Temples of Tamilnad

The beauty of the Rameswaram temple decidedly lies in the grandeur of its interior courtyard and pillared halls. I especially remember a preliminary walk through barriers of light and shade where the sensation, in passing each division, is of entering new sequences in time. Suddenly the colonnade came into focus, stretching a thousand feet so as to provide a view of regularly-spaced columns whose exuberance was barely restrained by the high horizontal members. The faded paintwork that was evident provided respite from aggressive tones of restoration in many other temples. We shuffled along a corridor whose inner surface was feathered with light, nodding at attendant Brahmins who did not seem to have much on their minds that mild morning. At the western end, closer to the central Vimana, I noticed that the platforms had been converted to office space so that the administrative work, as at Madurai, could be kept current. Blocking a view of the corridors, and reducing the telescopic effect which the galleries were built to provide, we found clumps of wooden carts, gathering dust until the next festival.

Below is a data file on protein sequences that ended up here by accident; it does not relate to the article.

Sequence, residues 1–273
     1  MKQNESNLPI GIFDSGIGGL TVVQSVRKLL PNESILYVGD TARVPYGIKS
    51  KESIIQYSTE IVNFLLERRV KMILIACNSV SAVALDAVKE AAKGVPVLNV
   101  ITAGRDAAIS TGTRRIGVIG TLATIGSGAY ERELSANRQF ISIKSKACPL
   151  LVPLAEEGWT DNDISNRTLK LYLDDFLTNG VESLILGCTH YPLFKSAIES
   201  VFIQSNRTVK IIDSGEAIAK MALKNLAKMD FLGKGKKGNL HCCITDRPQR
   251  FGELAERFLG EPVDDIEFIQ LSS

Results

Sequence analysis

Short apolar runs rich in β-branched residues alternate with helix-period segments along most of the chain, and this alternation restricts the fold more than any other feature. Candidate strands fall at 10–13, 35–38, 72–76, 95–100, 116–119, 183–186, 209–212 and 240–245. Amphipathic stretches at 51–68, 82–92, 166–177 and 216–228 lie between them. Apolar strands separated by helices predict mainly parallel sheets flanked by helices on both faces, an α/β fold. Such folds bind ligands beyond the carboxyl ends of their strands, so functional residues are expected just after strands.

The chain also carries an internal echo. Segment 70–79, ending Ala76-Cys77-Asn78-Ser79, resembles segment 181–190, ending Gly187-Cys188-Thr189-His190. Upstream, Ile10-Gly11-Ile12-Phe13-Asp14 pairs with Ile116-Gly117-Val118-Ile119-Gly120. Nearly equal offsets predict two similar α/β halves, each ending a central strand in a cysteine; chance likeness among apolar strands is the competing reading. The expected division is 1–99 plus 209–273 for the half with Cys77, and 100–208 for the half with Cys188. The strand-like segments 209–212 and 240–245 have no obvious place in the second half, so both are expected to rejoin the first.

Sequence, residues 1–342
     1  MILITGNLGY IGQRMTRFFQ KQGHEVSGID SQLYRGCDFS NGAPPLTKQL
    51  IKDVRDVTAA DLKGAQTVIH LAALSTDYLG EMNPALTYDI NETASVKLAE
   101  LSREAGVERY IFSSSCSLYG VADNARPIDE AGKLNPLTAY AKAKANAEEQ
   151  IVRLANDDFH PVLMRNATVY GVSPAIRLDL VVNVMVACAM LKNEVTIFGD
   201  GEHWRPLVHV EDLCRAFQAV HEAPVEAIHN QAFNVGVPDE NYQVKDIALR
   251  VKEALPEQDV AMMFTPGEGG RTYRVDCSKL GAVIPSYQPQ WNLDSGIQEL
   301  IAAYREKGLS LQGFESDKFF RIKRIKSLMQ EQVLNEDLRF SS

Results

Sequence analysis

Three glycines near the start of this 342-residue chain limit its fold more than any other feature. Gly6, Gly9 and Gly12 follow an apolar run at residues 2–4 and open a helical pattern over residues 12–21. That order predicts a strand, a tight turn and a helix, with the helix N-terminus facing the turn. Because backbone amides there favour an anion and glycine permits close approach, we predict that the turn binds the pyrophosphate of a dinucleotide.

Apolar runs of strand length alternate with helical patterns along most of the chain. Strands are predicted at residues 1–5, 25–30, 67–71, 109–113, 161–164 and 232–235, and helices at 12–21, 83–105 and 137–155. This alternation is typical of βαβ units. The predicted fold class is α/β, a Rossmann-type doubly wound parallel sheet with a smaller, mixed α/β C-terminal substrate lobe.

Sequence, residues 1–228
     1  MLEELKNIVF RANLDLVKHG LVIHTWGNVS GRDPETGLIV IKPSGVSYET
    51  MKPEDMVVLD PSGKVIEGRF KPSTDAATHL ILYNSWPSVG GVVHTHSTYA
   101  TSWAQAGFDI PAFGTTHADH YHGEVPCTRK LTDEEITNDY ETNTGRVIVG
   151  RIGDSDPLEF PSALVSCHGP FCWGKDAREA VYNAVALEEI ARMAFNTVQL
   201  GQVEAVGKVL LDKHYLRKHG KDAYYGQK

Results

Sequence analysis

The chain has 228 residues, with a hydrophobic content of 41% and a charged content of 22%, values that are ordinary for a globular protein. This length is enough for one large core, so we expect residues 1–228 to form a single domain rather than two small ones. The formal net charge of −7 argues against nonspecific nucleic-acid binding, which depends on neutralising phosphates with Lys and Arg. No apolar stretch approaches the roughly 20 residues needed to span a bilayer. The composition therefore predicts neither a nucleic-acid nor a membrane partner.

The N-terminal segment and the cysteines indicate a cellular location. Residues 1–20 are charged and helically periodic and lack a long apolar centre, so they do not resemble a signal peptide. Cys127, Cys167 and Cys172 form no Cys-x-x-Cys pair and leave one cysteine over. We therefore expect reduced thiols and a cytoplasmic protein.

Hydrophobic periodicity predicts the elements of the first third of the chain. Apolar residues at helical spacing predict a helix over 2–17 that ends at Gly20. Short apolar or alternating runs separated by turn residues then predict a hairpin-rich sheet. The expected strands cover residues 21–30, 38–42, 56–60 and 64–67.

There was a sandy lane between the Brahmin quarters leading away from the temple and, at the end, a shrine to the Goddess Kali, which we visited and found overlooking a shallow bay fretted with acacia and umbrella trees. It is a lovely spot -- shadowy, secluded, permeated with a holy balm.

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